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The HEARTS Grants are aimed at clinicians who collaborate with a Duke NUS academic for a research project that will lead to improved performance in health services.

Funding is $65,000 for a 2-year project, plus you get access to the resources of SingHealth Health Services Research Centre (HSRC): data science, health economics and implementation science. There will be access to ‘Research Information Systems and Data Analytics Core’ at HSRC and manpower support to help you use existing data sets.

There are four criteria for funding:

1) The research will potentially demonstrate how improvements to the performance of health services can be achieved. Some examples of improved performance are:

• Improved patient outcomes
• Improved use of resources
• Improved access to services

2) The idea is relatively simple and has a clear path to impact.

3) The number of patients who might benefit is reasonably large.

4) Collaboration with a Duke NUS faculty member who will be named on the application, their role is to provide support for methods and dissemination.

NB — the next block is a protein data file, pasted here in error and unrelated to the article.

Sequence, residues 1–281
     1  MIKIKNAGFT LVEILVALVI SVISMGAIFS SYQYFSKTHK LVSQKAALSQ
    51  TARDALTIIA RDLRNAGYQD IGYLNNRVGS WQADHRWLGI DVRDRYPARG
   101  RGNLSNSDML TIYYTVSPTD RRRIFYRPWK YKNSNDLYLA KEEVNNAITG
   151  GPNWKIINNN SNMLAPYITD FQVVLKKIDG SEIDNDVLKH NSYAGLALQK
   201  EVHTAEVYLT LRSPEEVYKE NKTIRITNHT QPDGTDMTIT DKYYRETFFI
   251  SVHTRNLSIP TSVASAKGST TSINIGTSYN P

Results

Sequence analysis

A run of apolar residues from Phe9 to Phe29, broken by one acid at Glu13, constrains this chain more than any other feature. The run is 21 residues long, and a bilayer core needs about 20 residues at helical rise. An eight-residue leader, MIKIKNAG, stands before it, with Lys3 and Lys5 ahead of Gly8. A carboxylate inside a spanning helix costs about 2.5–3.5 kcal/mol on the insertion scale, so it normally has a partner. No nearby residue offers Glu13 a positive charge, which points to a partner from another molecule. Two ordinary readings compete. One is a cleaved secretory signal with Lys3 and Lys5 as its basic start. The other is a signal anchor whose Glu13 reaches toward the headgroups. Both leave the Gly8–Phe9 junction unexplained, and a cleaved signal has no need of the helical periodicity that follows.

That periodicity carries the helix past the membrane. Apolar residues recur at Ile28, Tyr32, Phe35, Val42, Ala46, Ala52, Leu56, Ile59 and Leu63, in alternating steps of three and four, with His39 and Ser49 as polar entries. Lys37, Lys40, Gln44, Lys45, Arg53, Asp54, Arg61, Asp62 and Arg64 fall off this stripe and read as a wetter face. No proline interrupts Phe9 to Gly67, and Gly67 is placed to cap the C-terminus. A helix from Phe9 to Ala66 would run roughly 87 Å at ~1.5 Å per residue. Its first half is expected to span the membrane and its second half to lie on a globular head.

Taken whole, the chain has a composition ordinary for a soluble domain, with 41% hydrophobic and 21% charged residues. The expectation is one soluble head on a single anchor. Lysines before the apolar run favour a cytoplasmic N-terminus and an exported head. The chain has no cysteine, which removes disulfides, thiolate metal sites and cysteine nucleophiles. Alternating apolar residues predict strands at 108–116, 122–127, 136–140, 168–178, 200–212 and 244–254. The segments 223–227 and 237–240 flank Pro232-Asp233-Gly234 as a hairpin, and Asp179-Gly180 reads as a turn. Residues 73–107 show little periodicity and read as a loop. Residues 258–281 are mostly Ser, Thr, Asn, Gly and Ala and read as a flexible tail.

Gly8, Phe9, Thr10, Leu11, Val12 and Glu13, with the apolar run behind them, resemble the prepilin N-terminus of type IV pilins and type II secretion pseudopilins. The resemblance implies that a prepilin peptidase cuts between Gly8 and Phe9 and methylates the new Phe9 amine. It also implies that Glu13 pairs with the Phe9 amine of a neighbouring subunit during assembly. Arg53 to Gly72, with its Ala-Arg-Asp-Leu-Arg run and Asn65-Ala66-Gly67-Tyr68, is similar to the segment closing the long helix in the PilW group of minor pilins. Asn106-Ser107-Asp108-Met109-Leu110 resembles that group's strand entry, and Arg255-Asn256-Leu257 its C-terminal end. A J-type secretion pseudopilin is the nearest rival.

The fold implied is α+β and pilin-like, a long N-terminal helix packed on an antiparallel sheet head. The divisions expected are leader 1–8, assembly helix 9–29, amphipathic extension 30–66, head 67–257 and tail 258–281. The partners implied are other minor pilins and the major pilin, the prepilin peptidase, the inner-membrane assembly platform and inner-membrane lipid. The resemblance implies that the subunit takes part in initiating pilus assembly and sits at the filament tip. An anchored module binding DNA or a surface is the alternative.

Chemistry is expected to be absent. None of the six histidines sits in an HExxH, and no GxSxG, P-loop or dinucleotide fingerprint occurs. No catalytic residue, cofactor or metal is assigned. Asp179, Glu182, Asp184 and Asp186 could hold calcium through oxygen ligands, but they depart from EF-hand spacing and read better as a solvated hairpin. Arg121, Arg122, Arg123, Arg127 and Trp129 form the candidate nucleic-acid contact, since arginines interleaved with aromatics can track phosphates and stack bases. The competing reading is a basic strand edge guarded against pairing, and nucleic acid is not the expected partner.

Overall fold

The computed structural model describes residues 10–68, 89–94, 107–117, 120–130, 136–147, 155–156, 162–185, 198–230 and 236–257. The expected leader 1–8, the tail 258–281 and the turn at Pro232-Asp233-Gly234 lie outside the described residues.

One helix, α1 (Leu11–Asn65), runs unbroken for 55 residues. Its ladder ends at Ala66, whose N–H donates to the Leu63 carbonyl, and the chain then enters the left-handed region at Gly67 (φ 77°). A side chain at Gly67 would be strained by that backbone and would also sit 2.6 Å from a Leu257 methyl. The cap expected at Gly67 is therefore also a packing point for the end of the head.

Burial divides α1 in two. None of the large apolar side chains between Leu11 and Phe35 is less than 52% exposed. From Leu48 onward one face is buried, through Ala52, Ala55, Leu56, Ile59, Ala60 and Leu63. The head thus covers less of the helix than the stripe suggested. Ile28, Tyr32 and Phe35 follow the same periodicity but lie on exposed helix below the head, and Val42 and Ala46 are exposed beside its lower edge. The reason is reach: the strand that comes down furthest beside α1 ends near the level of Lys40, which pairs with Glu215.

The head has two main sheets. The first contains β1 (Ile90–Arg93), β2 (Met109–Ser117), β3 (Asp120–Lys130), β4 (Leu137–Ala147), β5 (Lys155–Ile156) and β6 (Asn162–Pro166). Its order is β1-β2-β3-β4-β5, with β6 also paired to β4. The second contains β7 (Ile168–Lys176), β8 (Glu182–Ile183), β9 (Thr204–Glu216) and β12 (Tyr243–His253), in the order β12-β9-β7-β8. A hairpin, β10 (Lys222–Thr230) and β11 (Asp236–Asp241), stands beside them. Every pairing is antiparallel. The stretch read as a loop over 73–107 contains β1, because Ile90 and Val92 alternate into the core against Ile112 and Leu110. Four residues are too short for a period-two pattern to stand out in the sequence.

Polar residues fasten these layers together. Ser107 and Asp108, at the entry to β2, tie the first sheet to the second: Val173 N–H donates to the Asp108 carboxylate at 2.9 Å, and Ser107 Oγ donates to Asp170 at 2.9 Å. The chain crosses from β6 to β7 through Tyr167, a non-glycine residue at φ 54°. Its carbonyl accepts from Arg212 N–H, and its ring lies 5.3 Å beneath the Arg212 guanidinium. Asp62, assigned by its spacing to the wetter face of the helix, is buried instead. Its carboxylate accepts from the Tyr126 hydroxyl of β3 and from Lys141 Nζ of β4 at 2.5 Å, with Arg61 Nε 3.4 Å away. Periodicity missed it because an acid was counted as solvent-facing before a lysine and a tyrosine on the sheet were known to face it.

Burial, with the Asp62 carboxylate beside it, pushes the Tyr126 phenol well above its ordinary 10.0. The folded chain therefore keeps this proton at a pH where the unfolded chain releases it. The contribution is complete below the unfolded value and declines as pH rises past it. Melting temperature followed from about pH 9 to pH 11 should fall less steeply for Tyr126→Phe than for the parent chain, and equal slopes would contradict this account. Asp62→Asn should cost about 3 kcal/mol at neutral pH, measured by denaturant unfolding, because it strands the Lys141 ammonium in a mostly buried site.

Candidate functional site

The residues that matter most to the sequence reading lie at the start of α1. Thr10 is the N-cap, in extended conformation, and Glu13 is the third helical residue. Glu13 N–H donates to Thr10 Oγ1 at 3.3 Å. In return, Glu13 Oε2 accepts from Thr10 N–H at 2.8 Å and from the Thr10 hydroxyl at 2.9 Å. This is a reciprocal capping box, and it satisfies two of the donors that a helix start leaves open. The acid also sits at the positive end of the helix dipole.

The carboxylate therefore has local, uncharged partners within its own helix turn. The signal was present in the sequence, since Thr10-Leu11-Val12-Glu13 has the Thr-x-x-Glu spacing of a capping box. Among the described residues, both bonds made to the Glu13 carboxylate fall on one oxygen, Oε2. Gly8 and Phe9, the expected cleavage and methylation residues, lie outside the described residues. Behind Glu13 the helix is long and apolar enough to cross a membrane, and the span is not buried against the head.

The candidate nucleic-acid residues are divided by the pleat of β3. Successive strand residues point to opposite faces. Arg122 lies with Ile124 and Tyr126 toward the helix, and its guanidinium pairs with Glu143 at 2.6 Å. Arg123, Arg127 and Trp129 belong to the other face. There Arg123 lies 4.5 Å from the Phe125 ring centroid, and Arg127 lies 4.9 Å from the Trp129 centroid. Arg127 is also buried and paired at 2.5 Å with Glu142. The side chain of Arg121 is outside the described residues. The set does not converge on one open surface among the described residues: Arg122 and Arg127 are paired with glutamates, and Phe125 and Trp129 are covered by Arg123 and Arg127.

We will prefer applications that harvest existing data sets, rather than exclusively collect new data. We are biased towards applicants with ‘good ideas’ with ‘potential large impact’ rather than a strong research track record. Emerging researchers are encouraged to apply and demonstrate how they will learn new HSR skills in their application.

Questions related about possible projects should be directed to Prof Nicholas Graves at


Awarded Hearts Grants FY20

1) Patterns and Predictors of acute healthcare utilization in cancer patients on home hospice care: a retrospective longitudinal mixed-methods study.
PI: Dr Zhuang Qingyuan, NCCS

2) Costs and health outcomes from managing high-risk patients with coronary artery disease with different interventions.
PI: Dr Huang Weiting, NHCS

3) Task Shifting intravitreal Injection from Ophthalmologists to Nurses: A Prospective Randomized Non-Inferiority Trial
PI: Dr Ian Yeo Yew San, SERI

4) Evaluation and understanding the use of evidence-based medical therapy in chronic limb-threatening ischemia patients undergoing lower limb angioplasty
PI: Dr Chan Sze Ling, HSRC